They’re what Marxists call “contradictions within the ruling class:” sharp differences within the power elite which weaken it collectively and can sometimes be exploited by those seeking radical change. It is a very good thing that the “intelligence community” is beginning to level an assault on the neocons. Their falling out has deep roots, dating to the 1980s when the CIA accurately assessed the Soviet military “threat,” while the neocons (Paul Wolfowitz, Richard Perle, Frank Gaffney) wanted to grossly inflate it, to justify the massive Reagan military buildup and perhaps launch a successful World War III. (The “noble lie” worked: the other side, with half the U.S.’s GDP, was obliged to match U.S. military expenditures, and essentially went bankrupt, petering out without a shot.)
The present enmity dates to the days immediately after 9-11 when the CIA was called upon to prove links between Iraq, the attacks, and al-Qaeda. When the CIA was unable to find any, to the disgust of leading war advocates Donald Rumsfeld and Wolfowitz (who feel that reluctance to lie on behalf of imperial glory makes you a wuss) they created the spooky (and unforgivably under-reported) Office of Special Plans to stovepipe cherry-picked “intelligence” to the White House and thence the world.
Events and limited media exposure have shown to all sentient beings the official rationale(s) for war on Iraq do not correspond to reality. Washington can either tell the truth: “We distorted the facts to justify attacking Iraq,” or dissemble: “Some of our intelligence turns out to be incorrect” But by ridiculously blaming the CIA, they insult it. And while the Company’s “we will of course disavow any knowledge of your actions” culture disinclines it to rail openly against the administration it must serve, some within it are in fact rebelling. Michael Scheuer, for example. (Here’s a still-serving CIA employee spilling the beans, big-time. Such strange times we live in.)
It is quite natural for intelligence specialists, whose professional dignity has been besmirched and whose competence called into question, would undertake some response to the abuse they’ve suffered. That response may well produce the following assessment:
(1) After 9-11, Rumsfeld and Dick Cheney, sidelining Colin Powell, successfully urged an impressionable president to implement a plan for general Middle East change earlier articulated by Wolfowitz, Douglas Feith, “Scooter” Libby, and Perle;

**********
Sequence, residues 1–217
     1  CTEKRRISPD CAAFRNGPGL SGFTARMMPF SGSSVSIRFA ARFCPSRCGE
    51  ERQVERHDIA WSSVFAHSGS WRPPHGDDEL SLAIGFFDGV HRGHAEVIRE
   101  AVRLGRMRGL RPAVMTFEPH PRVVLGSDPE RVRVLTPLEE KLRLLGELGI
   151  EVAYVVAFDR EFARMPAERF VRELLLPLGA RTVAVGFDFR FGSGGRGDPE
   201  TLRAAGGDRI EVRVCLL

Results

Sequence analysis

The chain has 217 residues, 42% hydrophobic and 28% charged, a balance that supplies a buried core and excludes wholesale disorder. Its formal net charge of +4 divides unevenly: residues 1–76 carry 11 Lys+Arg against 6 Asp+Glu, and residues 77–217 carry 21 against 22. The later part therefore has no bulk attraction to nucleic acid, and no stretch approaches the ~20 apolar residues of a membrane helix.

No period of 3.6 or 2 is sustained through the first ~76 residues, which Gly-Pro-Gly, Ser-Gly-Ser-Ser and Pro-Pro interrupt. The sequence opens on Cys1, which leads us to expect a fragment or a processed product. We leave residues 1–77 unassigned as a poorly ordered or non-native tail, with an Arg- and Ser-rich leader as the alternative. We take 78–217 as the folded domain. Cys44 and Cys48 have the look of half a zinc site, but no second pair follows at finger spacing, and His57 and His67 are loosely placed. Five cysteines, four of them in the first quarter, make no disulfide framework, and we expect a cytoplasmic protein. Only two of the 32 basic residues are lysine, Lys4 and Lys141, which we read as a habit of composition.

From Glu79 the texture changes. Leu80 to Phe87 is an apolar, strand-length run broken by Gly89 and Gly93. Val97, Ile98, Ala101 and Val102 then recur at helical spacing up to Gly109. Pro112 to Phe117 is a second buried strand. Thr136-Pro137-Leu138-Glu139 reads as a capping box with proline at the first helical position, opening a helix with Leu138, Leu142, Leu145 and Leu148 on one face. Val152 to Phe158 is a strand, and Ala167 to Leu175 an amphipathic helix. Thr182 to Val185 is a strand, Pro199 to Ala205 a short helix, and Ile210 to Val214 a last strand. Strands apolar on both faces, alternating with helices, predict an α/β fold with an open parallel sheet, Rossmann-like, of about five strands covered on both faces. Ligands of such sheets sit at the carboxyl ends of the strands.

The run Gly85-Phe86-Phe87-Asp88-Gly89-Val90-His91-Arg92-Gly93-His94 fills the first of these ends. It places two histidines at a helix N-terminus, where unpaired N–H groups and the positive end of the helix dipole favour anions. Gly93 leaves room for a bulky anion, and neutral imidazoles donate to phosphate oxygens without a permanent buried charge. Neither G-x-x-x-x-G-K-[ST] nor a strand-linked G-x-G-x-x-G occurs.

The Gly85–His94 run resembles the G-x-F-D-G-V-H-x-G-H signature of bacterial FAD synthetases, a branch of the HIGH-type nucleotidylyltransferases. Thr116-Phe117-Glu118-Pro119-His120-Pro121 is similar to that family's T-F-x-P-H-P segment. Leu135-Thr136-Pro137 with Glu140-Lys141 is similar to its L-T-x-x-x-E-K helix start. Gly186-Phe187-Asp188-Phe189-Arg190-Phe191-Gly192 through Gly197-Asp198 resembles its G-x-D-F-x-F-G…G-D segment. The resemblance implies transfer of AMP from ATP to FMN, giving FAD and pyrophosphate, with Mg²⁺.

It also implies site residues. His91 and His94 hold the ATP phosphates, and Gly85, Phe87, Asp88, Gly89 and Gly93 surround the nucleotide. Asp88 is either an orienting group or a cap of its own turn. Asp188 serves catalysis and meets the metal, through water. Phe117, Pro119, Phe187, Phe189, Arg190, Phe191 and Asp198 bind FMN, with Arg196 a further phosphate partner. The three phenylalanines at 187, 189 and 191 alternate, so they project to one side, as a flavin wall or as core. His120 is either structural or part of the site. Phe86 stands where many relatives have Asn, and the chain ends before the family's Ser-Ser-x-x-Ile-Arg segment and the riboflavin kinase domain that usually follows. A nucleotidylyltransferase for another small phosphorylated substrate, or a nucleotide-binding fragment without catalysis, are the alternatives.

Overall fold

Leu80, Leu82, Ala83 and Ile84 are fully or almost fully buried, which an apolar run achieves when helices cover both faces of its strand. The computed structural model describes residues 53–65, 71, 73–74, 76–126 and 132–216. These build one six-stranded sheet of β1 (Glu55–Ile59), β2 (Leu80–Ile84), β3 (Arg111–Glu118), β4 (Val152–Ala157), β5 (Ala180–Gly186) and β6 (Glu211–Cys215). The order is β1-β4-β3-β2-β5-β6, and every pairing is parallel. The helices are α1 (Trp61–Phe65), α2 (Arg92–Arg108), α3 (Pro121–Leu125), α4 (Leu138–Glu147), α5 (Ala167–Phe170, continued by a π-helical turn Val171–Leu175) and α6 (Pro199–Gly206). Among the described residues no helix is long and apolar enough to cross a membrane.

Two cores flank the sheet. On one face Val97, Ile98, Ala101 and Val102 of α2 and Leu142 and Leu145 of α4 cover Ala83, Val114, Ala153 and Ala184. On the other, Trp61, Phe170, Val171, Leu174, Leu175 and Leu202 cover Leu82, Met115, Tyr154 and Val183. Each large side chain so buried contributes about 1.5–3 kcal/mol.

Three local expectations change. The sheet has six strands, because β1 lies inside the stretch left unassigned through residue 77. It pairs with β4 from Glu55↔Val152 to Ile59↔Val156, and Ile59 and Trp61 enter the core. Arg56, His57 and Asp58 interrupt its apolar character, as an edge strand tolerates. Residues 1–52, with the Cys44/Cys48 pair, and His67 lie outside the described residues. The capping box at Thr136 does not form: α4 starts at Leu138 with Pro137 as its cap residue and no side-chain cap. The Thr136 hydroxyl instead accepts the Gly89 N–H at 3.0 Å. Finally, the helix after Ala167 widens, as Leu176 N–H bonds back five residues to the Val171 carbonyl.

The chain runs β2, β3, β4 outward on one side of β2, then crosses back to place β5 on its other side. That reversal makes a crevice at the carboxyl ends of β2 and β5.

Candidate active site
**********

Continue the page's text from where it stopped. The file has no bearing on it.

(2) that the neocons, ardently supportive of Israel and desiring to eliminate regimes unfriendly to the Jewish state, went beyond the normally intimate interaction between the two governments to engage in abnormally illicit consultations and information exchange;
(3) that the neocons used known charlatans such as (centrally important, now publicly discredited) Ahmad Chalabi, and the Iranian businessman Manucher Ghorbanifar (Iran-Contra principal figure identified long ago as a “fabricator” by the CIA) to pursue their “regime change” ambitions; and
(4) the neocons having sidelined and offended the intelligence community, now falsely seek to impute blame to it for their own mendacity.
I’m hoping (not quite betting) that the Franklin Affair, the Plame Affair, and multiple unfolding scandals produce by late October a major challenge to the Bush administration’s credibility and such moral standing as it retains even among the willfully oblivious. Here’s one possible scenario. We might be informed that the CIA has concluded that the infamous Niger uranium documents were forged by Israeli
intelligence. (I have no idea, but this is surely plausible.)
Special counsel Patrick Fitzgerald might charge that Libby, (as Joseph Wilson has suggested) is responsible for the vindictive outing of Wilson’s CIA wife. The FBI may conclude that Feith okayed illegal contacts between his subordinates and various foreign operatives designed to facilitate U.S. aggression against Syria and Iran.
The timid media might start getting very bold and actually do some investigation of the Bush administration’s Middle East plans, and plans to deceitfully sell them.
Meanwhile Israel, which today makes no secret of its willingness to attack Syria (as a response to Hamas attacks in Israel) and Iran (to destroy its nuclear arms potential) may take actions with or without Washington’s approval (or, more specifically, with or without Bush’s personal approval, since Washington speaks—to Israel at least—with more than one voice) that impact U.S. forces in Iraq and pose more dilemmas to the above-mentioned, fortunately contradiction-ridden power elite. In such circumstances thinking people may start putting two and two together, and realize that these regime change projects have nothing to do with 9-11, but lots to do with a scandal-ridden cabal’s aggressive world-changing agenda. They may appropriately rebel at that agenda.
“There is great disorder under heaven,” the Chinese communists, when they were communists, used to say, always adding: “The situation is excellent.” Surely there are opportunities here for people who oppose imperialism categorically, whichever warmonger wins in November, and (whatever terrors are staged by whomever before the election) to rationally take advantage of this situation.
GARY LEUPP is Professor of History at Tufts University, and Adjunct Professor of Comparative Religion. He is the author of Servants, Shophands and Laborers in in the Cities of Tokugawa Japan; Male Colors: The Construction of Homosexuality in Tokugawa Japan; and Interracial Intimacy in Japan: Western Men and Japanese Women, 1543-1900. He is also a contributor to CounterPunch’s merciless chronicle of the wars on Iraq, Afghanistan and Yugoslavia, Imperial Crusades.
He can be reached at: firstname.lastname@example.org